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Integrated health care for mothers and children helps to save lives

© UNICEF Mozambique/G. William
Aida Olimpio, six months pregnant, waits for her consultation at the Mavuzi Ponte health centre.

Mozambique, Tete, September 2010 – Aida Olimpio, 22, is six months pregnant and has arrived for her antenatal consultation at the Mavuzi Ponte health centre, a rural outpost in Chiuta district.

It’s early in the morning, but a dozen mothers with their babies tightly strapped to their backs are already waiting for their consultation in the shade of the outdoor patio.

Aida takes seat on the long bench alongside the other women, and while they wait for their turn, a health worker explains to the captive audience the value of sleeping under an insecticidal mosquito net. Aida, having lost her first child to malaria, pays close attention.

The Mavuzi Ponte health centre – like all health centres in the country – offers an integrated approach to maternal and child health. The services include antenatal and post-natal care for women and a basic package of preventive and curative services for children – immunisation, vitamin A supplementation, growth monitoring and de-worming.

After the health check up, nurse Fernanda Thobve gives Aida Fansidar™, a prophylactic treatment that helps to fend off malaria, iron tablets to help prevent anaemia and a long-lasting insecticidal mosquito net to take home.

“This will help ensure that Aida enjoy a safe pregnancy,” says nurse Thobve, as she opens the door of the small consultation room to let Aida go.

© UNICEF Mozambique/G. William
Nurse Fernanda Thobve examines Olimpia.

Mozambican children today are more likely to have a healthy start to life than they did twenty years ago. Over the past two decades, the under-five mortality rate has decreased from 219 to 138 per 1,000 live births in 2008, and the maternal mortality ratio dropped to 520 per 100,000 live births, according to the latest available data.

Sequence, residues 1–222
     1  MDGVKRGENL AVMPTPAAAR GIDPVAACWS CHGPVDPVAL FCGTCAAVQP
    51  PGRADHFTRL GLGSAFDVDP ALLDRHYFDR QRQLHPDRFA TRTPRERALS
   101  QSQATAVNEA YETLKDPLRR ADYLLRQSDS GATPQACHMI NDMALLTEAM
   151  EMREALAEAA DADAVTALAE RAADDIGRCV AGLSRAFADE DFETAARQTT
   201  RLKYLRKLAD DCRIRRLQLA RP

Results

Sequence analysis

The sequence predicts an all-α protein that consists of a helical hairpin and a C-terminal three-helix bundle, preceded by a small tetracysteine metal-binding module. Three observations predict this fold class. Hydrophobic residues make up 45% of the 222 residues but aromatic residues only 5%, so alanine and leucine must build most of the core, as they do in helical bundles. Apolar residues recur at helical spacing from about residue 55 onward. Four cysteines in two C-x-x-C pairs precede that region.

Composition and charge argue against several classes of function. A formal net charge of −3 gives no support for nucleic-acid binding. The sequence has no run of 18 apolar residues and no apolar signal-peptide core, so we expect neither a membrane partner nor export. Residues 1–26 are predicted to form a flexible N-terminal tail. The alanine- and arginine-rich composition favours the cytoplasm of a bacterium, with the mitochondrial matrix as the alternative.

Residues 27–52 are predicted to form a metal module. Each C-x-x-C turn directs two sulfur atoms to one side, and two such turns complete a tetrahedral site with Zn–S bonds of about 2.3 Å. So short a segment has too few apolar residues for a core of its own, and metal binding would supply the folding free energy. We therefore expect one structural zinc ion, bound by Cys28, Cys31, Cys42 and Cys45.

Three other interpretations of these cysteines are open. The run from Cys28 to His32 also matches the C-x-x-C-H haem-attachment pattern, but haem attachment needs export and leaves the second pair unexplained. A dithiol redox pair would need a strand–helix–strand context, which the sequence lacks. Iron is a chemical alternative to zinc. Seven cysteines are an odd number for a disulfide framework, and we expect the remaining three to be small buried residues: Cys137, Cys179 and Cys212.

The reduction in child mortality is due in part to the integrated package of preventive and curative services in health centres across the country – an approach known as Integrated Management of Childhood Illness – whereby the whole child is taken into consideration, not just the illness that he or she presents. 

“A child often comes to the health centre with many diseases, not just one,” explains nurse Thobve.

The approach promotes an integrated holistic approach to the case management of sick children, looking at the top causes of child mortality – malaria, pneumonia, diarrhoea, and malnutrition.

Yet Mozambique still has one of the highest child mortality rates in the world. Gains in child and maternal well-being have not been even across the country, and large numbers of children and women, especially those living in remote rural areas, remain at risk.

This is why UNICEF supports the Ministry of Health to strengthen and expand the Integrated Management of Childhood Illness programme to reduce child deaths, aiming to have at least 85 per cent of health facilities in the country implementing the approach by 2011.

Aida starts the long way back home, reassured that she and her baby are healthy.  It will take her a whole day to reach the remote village where she lives, but she knows that the long walk is worth the effort.



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